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#Bookreview HUMAN ERRORS: A Panorama of Our Glitches, From Pointless Bones to Broken Genes by Nathan Lents (@nathanlents) Facts, anecdotes, some opinions, and a very engaging way of learning about the human body

Hi all:

I really enjoyed this book and found it very informative, but, believe it or not, I later realised that it was quite controversial. So, here it goes…

Book review Human Errors: A Panorama of Our Glitches, From Pointless Bones to Broken Genes by Nathan Lents
Human Errors: A Panorama of Our Glitches, From Pointless Bones to Broken Genes by Nathan Lents

Human Errors: A Panorama of Our Glitches, From Pointless Bones to Broken Genes by Nathan Lents

We like to think of ourselves as highly evolved creatures. But if we are evolution’s greatest creation, why are we so badly designed? We have retinas that face backward, the stump of a tail, and way too many bones in our wrists. We must find vitamins and nutrients in our diets that other animals simply make for themselves. Millions of us can’t reproduce successfully without help from modern science. We have nerves that take bizarre paths, muscles that attach to nothing, and lymph nodes that do more harm than good. And that’s just the beginning of the story.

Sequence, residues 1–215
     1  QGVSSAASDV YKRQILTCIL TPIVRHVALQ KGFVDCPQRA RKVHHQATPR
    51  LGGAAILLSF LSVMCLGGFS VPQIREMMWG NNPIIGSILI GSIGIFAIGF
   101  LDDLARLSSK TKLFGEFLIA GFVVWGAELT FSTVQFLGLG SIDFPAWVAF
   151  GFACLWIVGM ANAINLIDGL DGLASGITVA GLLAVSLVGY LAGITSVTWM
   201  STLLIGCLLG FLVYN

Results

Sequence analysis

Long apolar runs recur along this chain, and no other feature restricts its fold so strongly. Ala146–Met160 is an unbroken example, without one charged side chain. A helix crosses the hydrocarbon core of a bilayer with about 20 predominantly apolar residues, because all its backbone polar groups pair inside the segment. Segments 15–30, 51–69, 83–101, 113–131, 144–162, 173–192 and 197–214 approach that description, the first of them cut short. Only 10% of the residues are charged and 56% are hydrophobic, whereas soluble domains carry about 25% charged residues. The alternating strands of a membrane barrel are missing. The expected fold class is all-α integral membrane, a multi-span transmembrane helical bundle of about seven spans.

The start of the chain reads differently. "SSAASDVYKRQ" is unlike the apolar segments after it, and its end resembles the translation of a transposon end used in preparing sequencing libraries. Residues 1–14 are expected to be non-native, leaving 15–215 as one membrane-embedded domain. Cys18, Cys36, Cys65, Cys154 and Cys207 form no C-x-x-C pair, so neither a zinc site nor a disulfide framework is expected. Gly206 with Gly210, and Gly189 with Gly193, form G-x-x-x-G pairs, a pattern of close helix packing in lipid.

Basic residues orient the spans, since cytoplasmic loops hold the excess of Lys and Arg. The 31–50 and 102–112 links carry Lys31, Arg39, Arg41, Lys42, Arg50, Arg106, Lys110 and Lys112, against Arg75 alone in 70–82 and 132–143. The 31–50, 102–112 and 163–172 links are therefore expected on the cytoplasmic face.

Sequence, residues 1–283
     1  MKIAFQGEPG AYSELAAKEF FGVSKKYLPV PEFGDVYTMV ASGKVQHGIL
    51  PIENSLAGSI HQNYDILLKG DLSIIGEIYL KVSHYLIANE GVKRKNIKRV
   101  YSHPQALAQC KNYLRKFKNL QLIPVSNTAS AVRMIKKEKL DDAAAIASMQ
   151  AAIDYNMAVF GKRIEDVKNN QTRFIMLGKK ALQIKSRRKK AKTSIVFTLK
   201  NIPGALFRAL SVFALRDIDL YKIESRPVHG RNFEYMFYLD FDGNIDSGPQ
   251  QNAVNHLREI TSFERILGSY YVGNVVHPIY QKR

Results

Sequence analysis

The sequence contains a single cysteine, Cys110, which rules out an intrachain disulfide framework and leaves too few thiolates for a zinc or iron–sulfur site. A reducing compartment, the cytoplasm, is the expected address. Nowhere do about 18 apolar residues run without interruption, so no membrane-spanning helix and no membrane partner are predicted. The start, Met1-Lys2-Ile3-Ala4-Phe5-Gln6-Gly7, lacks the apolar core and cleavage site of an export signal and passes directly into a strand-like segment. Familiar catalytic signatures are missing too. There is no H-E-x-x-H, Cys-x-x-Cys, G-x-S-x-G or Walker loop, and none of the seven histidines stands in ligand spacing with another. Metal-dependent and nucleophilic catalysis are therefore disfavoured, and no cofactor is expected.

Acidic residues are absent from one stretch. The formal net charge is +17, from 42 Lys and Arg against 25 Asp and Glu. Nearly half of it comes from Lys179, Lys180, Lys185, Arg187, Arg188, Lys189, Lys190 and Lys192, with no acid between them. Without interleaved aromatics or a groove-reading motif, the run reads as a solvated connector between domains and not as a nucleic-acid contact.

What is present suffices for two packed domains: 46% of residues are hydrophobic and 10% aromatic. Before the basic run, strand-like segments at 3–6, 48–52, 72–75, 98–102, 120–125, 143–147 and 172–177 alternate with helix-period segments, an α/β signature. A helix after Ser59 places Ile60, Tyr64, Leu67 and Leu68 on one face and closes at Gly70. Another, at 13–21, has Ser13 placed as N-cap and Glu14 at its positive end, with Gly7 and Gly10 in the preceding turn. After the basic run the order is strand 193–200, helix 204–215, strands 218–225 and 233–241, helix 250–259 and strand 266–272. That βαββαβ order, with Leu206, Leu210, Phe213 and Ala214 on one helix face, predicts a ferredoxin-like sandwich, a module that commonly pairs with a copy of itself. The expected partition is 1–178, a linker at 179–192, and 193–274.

As biologist Nathan H. Lents explains, our evolutionary history is a litany of mistakes, each more entertaining and enlightening than the last. As we will discover, by exploring human shortcomings, we can peer into our past, because each of our flaws tells a story about our species’ evolutionary history.